PRETORIA – As the World Health Organization (WHO) launches today for the first time as World Patient Safety Day as means to create awareness of patient safety in our health facilities, the Democratic Nursing Organisation of South Africa (DENOSA) would like to pledge its full support to this campaign and would call on all governments in the African continent to prioritise the skilling and continuous professional development of health practitioners and investment of resources into their healthcare settings so that patients could receive high care that is not compromised.
Statistics from WHO reveal that 134 million adverse events occur each year in hospitals in low- to middle-income countries due to unsafe care, resulting in 2.6 million deaths annually.
The African continent is the most hard-hit region as healthcare is still treated as an expenditure rather than an investment. This is the region where many patients still lose their lives in healthcare facilities unnecessarily due to poor infrastructure, lack of resources – including human capital – and deteriorating level of care as a result of lack of continuous professional development opportunities for health workers.
As a result, more and more leaders from the African continent opt to go overseas for treatment of their illnesses, which is a clear sign of lack of confidence in their countries’ own healthcare systems. Recently, former state president of Zimbabwe, the late Robert Mugabe, was flown to Singapore where he was cared for. Last year, South African Deputy President, David Mabuza, flew to Russia for a routine medical check-up. In 2017, President of Nigeria, Muhammadu Buhari, spent 103 days receiving medical attention in a London hospital. And in 2014, then South African state President, Jacob Zuma, received medical treatment in Russia after an incident of poisoning, which was confirmed by then State Security Minister in 2017.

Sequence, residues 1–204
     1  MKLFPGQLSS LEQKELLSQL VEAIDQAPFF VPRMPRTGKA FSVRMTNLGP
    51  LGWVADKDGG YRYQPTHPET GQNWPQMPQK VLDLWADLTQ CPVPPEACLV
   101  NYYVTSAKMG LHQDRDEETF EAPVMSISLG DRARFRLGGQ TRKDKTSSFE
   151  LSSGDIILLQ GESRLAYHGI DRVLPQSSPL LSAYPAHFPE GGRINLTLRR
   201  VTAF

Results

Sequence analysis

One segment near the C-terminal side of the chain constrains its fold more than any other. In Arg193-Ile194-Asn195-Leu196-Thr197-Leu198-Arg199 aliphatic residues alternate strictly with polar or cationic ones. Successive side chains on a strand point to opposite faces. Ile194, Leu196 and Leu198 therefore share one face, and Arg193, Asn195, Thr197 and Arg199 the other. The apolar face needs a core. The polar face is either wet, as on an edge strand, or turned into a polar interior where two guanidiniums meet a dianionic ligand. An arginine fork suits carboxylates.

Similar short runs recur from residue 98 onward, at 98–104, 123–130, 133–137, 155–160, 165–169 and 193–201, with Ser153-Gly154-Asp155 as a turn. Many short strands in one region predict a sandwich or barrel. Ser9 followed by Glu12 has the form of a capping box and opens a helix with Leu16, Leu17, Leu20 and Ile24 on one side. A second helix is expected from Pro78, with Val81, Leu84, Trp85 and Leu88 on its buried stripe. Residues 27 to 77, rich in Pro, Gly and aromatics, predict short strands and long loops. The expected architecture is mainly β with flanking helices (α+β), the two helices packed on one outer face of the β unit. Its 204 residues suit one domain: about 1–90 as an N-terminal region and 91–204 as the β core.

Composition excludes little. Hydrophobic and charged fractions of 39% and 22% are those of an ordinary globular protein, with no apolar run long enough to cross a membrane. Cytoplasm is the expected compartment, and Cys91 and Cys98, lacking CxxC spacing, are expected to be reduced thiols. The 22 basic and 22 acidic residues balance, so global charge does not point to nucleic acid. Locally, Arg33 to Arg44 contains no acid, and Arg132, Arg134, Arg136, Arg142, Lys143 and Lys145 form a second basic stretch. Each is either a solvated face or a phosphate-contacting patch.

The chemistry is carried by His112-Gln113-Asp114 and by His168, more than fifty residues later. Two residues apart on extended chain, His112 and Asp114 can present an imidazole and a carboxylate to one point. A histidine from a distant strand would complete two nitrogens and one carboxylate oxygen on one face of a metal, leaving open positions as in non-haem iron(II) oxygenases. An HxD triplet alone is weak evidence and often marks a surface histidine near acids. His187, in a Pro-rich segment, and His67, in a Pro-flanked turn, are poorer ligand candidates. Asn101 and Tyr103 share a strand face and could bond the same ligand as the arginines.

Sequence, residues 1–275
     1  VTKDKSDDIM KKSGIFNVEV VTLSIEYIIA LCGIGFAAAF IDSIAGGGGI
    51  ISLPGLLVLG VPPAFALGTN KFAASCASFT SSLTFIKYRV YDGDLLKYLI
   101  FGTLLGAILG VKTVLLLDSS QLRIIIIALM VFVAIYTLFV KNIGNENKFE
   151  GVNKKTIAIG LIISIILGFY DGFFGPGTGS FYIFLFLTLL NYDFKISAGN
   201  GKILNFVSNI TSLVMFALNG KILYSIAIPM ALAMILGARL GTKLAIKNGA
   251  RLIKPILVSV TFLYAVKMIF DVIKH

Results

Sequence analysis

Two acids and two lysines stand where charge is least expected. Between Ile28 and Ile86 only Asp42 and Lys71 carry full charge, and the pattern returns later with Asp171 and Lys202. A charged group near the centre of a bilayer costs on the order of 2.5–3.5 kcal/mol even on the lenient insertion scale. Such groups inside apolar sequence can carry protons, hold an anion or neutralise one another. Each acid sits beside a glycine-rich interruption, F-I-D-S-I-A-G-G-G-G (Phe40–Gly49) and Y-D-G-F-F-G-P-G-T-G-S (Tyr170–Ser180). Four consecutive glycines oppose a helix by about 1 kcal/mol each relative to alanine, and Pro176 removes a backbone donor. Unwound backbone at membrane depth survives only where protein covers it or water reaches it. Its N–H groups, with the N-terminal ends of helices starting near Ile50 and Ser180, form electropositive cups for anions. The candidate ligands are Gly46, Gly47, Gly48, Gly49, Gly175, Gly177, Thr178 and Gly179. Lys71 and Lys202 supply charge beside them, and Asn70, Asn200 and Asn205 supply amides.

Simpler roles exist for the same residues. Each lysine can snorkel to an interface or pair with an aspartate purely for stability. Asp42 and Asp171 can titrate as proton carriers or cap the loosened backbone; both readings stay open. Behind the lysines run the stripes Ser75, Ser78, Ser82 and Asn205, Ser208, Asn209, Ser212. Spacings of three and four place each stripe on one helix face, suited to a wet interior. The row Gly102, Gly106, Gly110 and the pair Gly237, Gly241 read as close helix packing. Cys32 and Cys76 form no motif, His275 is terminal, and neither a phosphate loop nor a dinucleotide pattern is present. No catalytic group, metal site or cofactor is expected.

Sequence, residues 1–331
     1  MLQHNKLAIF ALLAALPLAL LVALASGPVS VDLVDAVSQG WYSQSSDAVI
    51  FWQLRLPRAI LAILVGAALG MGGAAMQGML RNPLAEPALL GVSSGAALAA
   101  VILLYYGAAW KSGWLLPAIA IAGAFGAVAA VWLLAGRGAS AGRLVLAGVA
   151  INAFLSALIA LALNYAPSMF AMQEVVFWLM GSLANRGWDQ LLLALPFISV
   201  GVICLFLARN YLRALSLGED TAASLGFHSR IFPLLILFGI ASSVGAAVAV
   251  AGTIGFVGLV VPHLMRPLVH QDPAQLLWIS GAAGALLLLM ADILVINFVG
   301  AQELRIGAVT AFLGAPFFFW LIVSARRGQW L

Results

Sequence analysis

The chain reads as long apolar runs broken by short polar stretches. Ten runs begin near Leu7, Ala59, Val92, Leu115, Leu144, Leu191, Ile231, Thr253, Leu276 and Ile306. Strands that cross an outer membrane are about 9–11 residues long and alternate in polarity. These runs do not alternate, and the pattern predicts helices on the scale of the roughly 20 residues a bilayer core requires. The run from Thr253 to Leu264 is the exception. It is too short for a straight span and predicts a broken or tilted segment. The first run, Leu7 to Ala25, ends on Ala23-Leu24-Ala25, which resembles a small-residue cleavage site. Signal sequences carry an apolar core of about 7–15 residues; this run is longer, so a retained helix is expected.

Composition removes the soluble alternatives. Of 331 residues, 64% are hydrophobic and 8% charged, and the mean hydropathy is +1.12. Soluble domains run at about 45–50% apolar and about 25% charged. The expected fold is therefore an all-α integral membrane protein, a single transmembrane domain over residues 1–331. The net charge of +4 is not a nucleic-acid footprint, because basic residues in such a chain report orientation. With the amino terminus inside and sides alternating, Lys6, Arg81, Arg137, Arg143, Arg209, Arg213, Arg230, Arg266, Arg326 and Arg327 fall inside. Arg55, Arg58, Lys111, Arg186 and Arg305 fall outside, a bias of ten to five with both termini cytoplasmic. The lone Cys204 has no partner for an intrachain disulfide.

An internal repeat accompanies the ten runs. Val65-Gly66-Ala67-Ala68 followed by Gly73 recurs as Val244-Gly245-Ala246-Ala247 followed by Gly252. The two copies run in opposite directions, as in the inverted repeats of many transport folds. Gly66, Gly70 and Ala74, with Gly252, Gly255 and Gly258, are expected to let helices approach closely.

From this, it is easy to deduce that most leaders do not believe they could receive medical treatment of good quality in their own countries when millions of patients are languishing in the same hospitals in Africa, often with poor ventilation, no sufficient supply of medication, skeleton staff and aging equipment all of which pose a safety risk to patients.
With the processes underway to prepare for the roll-out of the National Health Insurance (NHI) in South Africa, DENOSA will continue to religiously call for investment in human resource and infrastructure into the country’s healthcare setting, especially in public health institutions so that they could all be accredited to provide NHI services, which will be a safe and quality healthcare for all people.
Issued by the Democratic Nursing Organisation of South Africa (DENOSA)
For more information, contact:
Cassim Lekhoathi, DENOSA Acting General Secretary
Mobile: 082 328 9671
Simon Hlungwani, DENOSA President Mobile: 082 328 9635